• Better visualization of aortic valve in patients with a prosthetic aortic valve.
  • Cardiac catheterization: assessment of LV pressure, LV function, and severity of AR (via aortic root angiography) is indicated in symptomatic patients in whom the severity of AR is unclear on noninvasive imaging or discordant with clinical findings.
  • MRI/CT
    • Either of these may be the imaging modality of choice for evaluating aortic dimensions and/or for evaluation of aortic dissection.
    • If echocardiography assessment of the severity of AR is inadequate, MRI is useful for assessing the severity of AR.

Treatment

  • The role of medical therapy in patients with AR is limited.
  • Vasodilator therapy (i.e., nifedipine, ACE inhibitor, hydralazine) is indicated to reduce systolic blood pressure in hypertensive patients with AR.
  • Retrospective data suggest that β-blocker use may be associated with a survival benefit in patients with severe AR, but prospective studies are needed.
  • When endocarditis is suspected or confirmed, appropriate antibiotic coverage is critical.

Surgical Management

  • AHA/ACC recommendations for intervention1,2:
    • Symptomatic patients with severe AR (stage D) regardless of LV systolic function (Class I).
    • Asymptomatic patients with chronic severe AR and LV systolic dysfunction (EF ≤50%) (stage C2; Class I).
    • Patients with severe AR (stage C or D) undergoing cardiac surgery for other indications (Class I).
    • Asymptomatic patients with severe AR and normal LV systolic function (EF >50%) but with severe LV dilation (LV end-systolic dimension >50 mm) (stage C2; Class IIa).
  • Acute, severe AR is almost universally symptomatic and is treated surgically.
  • If the aortic root is dilated, it may be repaired or replaced at the time of aortic valve replacement (AVR). For patients with a bicuspid valve, Marfan syndrome, or a related genetically triggered aortopathy, surgery on the aorta should be considered at the time of AVR.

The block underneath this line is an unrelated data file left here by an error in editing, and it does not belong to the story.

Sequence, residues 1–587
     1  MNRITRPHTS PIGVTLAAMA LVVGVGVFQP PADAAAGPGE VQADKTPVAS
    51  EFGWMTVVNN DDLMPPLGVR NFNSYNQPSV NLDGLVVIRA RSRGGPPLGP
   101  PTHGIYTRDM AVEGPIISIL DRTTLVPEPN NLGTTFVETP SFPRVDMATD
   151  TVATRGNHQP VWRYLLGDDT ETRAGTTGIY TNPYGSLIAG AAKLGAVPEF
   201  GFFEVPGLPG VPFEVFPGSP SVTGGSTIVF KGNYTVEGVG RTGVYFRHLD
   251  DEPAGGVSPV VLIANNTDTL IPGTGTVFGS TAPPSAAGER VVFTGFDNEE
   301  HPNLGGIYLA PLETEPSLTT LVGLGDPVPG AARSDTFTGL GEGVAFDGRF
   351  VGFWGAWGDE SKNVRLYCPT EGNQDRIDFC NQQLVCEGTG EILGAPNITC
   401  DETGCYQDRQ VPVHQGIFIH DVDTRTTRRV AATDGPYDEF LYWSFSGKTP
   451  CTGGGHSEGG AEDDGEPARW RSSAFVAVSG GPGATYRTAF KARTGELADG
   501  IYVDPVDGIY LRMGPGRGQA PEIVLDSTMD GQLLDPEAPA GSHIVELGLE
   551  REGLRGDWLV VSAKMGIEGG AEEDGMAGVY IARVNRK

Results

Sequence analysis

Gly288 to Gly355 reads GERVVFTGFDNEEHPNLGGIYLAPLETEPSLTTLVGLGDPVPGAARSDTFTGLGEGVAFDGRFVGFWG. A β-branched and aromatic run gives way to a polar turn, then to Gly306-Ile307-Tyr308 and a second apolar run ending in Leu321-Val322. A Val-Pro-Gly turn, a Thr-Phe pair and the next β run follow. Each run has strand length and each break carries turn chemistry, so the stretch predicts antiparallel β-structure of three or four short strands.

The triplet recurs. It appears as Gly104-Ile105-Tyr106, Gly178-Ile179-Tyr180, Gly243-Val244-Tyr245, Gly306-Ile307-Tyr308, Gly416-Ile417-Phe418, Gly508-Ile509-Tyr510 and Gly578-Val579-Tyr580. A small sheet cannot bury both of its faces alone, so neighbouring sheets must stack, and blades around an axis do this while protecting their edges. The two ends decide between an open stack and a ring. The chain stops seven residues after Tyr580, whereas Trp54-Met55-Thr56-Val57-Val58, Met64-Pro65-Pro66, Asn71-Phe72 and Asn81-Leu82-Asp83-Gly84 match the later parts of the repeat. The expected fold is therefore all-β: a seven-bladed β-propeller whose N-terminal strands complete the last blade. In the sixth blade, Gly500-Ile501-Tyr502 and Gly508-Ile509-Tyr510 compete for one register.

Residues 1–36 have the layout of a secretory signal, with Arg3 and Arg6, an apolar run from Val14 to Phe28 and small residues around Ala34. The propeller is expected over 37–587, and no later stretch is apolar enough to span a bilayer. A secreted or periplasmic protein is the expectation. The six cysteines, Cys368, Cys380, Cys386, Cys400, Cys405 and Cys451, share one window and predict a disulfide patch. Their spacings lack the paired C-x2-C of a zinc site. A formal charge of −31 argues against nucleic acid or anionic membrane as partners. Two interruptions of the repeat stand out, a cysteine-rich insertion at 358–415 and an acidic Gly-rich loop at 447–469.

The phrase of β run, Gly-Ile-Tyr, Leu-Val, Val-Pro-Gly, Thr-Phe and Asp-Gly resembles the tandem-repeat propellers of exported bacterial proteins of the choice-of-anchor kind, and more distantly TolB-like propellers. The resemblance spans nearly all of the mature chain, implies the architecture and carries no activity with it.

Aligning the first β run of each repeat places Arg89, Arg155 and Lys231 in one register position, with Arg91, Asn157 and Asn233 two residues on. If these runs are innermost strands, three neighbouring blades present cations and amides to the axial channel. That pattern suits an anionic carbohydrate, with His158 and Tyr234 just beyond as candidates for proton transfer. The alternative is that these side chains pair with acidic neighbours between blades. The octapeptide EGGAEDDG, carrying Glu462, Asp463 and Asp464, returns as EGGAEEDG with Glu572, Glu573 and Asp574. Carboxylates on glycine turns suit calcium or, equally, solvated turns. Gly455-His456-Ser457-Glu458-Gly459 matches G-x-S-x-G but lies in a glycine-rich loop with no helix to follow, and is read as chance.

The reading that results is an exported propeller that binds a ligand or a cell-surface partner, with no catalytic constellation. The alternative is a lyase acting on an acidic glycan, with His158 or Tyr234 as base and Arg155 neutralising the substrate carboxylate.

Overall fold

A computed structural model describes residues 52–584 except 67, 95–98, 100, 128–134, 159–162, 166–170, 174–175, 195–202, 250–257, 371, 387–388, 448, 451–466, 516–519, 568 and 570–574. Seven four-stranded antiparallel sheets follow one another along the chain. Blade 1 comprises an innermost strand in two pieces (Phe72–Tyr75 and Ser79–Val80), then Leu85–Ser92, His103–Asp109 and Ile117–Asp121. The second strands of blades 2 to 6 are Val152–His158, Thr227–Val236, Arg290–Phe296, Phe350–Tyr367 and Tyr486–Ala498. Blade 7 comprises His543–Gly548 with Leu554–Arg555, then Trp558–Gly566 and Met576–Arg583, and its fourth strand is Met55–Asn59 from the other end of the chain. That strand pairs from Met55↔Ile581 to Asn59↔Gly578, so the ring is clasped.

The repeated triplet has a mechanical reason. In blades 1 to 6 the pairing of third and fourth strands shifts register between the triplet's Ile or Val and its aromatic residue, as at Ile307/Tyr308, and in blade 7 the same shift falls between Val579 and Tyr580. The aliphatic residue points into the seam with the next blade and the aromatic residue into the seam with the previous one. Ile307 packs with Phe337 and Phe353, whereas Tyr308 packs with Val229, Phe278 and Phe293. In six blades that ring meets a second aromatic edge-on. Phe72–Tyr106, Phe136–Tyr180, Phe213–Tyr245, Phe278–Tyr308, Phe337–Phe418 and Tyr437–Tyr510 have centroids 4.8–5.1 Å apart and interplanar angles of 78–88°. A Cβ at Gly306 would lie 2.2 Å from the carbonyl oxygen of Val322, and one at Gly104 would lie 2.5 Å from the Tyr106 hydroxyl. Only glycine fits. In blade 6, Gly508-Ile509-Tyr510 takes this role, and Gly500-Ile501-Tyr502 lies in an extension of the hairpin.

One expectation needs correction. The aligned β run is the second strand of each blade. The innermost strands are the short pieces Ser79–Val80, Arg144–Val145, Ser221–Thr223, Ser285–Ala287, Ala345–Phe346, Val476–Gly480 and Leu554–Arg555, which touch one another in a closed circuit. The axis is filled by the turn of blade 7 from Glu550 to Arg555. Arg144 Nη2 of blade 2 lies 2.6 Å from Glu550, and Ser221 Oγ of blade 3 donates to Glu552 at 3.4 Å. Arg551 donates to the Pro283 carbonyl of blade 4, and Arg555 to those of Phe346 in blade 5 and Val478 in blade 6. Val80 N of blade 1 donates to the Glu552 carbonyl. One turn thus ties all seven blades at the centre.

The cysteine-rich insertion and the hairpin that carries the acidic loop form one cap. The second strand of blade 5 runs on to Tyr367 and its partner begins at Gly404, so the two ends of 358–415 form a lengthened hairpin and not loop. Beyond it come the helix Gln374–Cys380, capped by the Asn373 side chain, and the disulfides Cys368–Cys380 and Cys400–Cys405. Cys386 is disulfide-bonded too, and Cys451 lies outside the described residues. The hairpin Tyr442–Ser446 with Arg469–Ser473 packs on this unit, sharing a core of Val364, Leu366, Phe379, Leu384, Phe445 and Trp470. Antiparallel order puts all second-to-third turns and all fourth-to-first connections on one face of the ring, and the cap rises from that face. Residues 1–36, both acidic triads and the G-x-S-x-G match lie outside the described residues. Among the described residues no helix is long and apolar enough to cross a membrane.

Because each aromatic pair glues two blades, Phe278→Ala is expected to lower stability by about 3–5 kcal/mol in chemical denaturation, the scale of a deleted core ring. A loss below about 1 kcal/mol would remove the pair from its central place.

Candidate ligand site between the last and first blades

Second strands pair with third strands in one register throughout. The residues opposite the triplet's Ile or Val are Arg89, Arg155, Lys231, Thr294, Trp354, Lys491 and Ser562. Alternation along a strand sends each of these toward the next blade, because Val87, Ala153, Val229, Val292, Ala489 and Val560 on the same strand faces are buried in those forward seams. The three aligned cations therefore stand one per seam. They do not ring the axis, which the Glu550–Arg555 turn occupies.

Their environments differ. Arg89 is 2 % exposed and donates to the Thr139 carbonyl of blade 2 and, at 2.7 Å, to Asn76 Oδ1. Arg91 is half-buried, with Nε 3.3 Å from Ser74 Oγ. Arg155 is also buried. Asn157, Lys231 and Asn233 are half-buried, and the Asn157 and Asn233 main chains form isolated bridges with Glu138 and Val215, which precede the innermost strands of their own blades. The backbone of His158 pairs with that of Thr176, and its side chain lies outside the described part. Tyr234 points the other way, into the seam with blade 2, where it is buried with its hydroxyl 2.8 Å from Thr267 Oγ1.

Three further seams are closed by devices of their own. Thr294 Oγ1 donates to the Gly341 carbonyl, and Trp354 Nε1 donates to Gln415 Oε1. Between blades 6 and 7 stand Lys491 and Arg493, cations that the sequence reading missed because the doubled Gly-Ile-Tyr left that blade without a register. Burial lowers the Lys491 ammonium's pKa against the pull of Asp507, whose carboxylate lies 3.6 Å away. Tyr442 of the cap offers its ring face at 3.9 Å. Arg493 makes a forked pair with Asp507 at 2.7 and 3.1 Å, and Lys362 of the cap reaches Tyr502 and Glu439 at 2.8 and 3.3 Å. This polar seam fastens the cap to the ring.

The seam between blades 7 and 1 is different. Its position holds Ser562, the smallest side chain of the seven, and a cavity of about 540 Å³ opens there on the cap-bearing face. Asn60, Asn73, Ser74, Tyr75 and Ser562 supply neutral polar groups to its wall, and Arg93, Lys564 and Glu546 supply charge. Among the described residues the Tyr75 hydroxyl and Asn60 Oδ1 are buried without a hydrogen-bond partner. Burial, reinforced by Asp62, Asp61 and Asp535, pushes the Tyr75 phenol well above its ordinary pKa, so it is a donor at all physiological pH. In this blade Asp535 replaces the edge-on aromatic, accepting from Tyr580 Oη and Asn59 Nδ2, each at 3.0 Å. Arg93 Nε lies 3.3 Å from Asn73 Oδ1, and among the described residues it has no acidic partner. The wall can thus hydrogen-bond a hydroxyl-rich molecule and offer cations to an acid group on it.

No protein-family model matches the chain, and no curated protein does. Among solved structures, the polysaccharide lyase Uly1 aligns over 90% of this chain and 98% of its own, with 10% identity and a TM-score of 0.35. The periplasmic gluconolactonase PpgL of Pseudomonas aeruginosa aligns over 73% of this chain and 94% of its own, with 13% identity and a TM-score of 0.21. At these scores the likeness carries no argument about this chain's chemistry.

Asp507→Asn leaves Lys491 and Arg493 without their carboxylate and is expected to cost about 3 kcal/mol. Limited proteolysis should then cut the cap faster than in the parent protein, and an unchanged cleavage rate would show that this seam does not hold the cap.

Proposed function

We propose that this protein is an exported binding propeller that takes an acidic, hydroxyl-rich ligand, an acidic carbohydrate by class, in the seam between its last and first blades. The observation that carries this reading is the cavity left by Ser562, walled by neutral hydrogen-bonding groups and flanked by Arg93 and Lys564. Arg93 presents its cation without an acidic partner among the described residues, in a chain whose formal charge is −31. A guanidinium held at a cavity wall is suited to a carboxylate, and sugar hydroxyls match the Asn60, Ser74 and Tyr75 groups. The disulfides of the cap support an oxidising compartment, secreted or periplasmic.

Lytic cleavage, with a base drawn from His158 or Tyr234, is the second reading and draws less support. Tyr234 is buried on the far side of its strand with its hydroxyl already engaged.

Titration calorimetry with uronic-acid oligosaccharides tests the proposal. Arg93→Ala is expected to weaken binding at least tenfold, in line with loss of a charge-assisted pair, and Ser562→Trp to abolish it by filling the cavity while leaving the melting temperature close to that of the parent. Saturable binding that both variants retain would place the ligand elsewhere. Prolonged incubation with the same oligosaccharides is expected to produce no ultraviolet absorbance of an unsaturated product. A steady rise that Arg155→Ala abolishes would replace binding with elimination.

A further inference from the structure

Outcome/Prognosis

  • Asymptomatic patients with normal LV systolic function (LVEF ≥50%): progression to symptoms and/or LV dysfunction approximately 6% per year.3
  • Asymptomatic patients with LV dysfunction (LVEF <50%): progression to cardiac symptoms >25% per year.3,4
  • Symptomatic patients: mortality rate approximately 9.4% per year.3

References

  1. Nishimura RA, Otto CM, Bonow RO, et al. 2014 AHA/ACC guideline for the management of patients with valvular heart disease: executive summary: a report of the American College of Cardiology/American Heart Association task force on practice guidelines. J Am Coll Cardiol. 2014;63:2438-2488.  [PMID:24603192]
  2. Nishimura RA, Otto CM, Bonow RO, et al. 2017 AHA/ACC focused update of the 2014 AHA/ACC guideline for the management of patients with valvular heart disease: a report of the American College of Cardiology/American Heart Association task Force on clinical practice guidelines. Circulation. 2017;135:e1159-e1195.  [PMID:28298458]
  3. Dujardin KS, Enriquez-Sarano M, Schaff HV, et al. Mortality and morbidity of aortic regurgitation in clinical practice. A long-term follow-up study. Circulation. 1999;99:1851-1857.  [PMID:10199882]
  4. Maurer G. Aortic regurgitation. Heart. 2006;92:994-1000.  [PMID:16775114]

Outline


© Wolters Kluwer Health Lippincott Williams & Wilkins

Aortic Regurgitation is a sample topic from the Washington Manual of Medical Therapeutics.

To view other topics, please or purchase a subscription.

The Washington Manual of Medical Therapeutics helps you diagnose and treat hundreds of medical conditions. Consult clinical recommendations from a resource that has been trusted on the wards for 50+ years. Complete Product Information.